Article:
Our results found limited evidences for the association between serum Fe status and GCC and all gastric cancer combined, which is partly consistent with those from previous studies. In the European Prospective Investigation into Cancer and Nutrition (EPIC) study, inverse dose-response associations were found between serum Fe and overall risk of gastric cancer (OR4th vs. 1st quartile=0.62, 95% CI: 0.44-0.88, p for trend=0.034), as well as NCGC (OR4th vs. 1st quartile=0.54, 95% CI: 0.33-0.89, p for trend=0.029).(38) Similarly, a Finnish men cohort study also found serum Fe had an inverse, or possibly “u” shaped relationship with this malignancy in the NCGC site (OR3rd vs. 1st quartile =0.39, 95% CI: 0.19-0.78, p for trend=0.06), although the trend analysis was not statistically significant.(38) In another Finnish cohort study, which involved 120 incident male gastric cancers and 76 female gastric cancers, the relationship in males was statistically significant (RR4th vs. 1st quartile=0.60, p for trend<0.01).(39)
The present study also observed lower risk of gastric cancer, regardless of GCC or NCGC, in the higher quartile of serum Mo, indicating the protective role of Mo in the development of these diseases. However, little evidence exists to explain the effects of serum Mo on gastric cancer. An earlier Chinese study showed that serum Mo levels of 33 patients with gastric cancer were significantly lower than those of 77 healthy controls.(20) Similarly, a recent published Chinese study found that serum Mo concentration tended to be lower in H.pylori-infected participants than those un-infected, although no statistically significant differences were actually observed.(40) Due to the scare epidemiological data, the appropriate amount of serum Mo in human warrants further investigations.
Extensive epidemiological evidence has indicated the protective role of dietary calcium or Vitamin D against gastrointestinal cancer, including gastric cancer.(41, 42) However, how serum calcium influence gastric cancer remains indefinite. A large scale Swedish cohort study evaluated serum calcium status in 782 incident gastric cancers.(43) Although lower ORs were observed in the higher quartiles of serum calcium, no statistically significant association was found.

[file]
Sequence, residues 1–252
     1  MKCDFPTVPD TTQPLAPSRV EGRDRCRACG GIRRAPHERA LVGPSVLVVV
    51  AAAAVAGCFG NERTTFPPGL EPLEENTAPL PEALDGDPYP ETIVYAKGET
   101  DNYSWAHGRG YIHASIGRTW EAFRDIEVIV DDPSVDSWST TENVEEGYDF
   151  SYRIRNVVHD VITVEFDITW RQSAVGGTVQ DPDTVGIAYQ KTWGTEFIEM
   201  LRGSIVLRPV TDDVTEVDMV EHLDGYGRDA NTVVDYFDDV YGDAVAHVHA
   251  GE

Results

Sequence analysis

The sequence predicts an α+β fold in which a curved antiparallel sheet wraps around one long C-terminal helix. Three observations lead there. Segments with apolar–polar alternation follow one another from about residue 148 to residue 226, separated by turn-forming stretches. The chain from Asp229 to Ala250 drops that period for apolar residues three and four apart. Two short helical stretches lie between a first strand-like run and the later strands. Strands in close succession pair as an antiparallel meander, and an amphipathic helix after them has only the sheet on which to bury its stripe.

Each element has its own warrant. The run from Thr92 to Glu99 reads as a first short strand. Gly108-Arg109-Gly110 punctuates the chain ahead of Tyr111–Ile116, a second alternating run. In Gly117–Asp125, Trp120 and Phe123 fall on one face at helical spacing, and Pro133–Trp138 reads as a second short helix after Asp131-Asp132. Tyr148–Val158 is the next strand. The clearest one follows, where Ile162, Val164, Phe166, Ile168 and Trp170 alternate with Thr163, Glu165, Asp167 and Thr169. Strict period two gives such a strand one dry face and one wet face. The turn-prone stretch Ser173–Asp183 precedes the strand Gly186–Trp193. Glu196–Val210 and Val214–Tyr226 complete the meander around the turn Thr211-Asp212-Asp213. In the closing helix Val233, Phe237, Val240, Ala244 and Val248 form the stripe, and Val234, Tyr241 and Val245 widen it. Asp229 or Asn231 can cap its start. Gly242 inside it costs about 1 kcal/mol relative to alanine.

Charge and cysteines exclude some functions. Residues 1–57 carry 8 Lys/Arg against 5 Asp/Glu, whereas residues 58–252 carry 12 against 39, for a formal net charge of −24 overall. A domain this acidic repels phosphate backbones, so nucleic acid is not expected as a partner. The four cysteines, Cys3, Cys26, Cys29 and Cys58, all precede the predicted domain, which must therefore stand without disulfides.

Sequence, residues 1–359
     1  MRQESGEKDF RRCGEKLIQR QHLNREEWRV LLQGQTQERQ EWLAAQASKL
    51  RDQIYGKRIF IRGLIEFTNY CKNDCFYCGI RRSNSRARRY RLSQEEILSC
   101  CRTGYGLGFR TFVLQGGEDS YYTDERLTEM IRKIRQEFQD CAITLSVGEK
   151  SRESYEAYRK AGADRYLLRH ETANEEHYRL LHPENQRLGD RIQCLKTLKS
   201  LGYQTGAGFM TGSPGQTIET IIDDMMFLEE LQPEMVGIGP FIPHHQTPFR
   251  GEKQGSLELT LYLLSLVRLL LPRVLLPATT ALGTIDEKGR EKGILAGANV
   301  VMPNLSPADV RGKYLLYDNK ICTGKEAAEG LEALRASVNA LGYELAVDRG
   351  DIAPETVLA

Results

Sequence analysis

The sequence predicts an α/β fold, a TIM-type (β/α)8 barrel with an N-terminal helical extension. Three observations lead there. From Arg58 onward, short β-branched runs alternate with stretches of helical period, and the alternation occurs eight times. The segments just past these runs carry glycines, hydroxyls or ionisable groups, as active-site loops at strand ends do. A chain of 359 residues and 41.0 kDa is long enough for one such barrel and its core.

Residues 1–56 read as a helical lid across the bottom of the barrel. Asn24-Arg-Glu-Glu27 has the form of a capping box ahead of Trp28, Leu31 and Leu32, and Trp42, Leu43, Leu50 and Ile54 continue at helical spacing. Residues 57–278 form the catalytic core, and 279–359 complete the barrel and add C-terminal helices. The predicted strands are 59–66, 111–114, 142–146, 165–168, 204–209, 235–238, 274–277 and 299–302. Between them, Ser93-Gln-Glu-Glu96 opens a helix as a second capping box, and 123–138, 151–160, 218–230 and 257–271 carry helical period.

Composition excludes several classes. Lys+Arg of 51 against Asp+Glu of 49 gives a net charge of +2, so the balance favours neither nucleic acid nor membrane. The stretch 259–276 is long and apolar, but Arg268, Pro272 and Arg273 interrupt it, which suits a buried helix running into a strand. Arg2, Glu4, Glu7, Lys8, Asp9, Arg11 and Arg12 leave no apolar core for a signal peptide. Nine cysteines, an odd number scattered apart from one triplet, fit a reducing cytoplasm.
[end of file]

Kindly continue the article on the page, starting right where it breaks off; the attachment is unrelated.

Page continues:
Some methodological issues of our study deserve attention. The strengths include the large sample size; individual matching for age, sex and resident region by gastric cancer risk; the standardized tumor classification; the personal interviews with all study participants in a standard and strict manner; and stratified analysis by different gastric cancer localization. Meanwhile, our study has some limitations that should be described. A major concern is that we were not able to adjust to H. pyloric infection, which might potentially cause confounding effect on the association between serum trace elements and gastric cancer, especially NCGC. However, the availability of chronic atrophic gastritis help to reduce the potential confounding effect, as H. pyloric infection was believed to cause NCGC through causing gastritis and gastric atrophy. (44) Another concern is the possibility of exposure misclassification using a questionnaire that has not been validated. However, the reliability rate of our questionnaire was estimated as high as 97%, suggesting the potential of high accuracy in measuring risk factors (data not shown). Thirdly,the serum level of trace elements based on one single blood sample might also cause some information bias.Further study could be guaranteed by collecting several blood samples at different time points within a day, or different seasons within a year, and using average level as there true level of serum trace element. Finally, we were not able to adjust to types of medication taken in the past one month. Use of several types of medicines have been observed to influence the serum trace element. For example, earlier study demonstrated that statin treatment was associated with a significant reduction in mean serum Zn (9%, p=0.03) and Cu (9%, p<0.01).(45)Although we did ask participants about type of medication taken in the past months, only 8 cardia patients, 3 noncardia patients , and 73 controls provided details. Due to the limited responses, we were notable to adjust medication use in the analysis. Further study is warranted with more details of medication taken prior the data collection.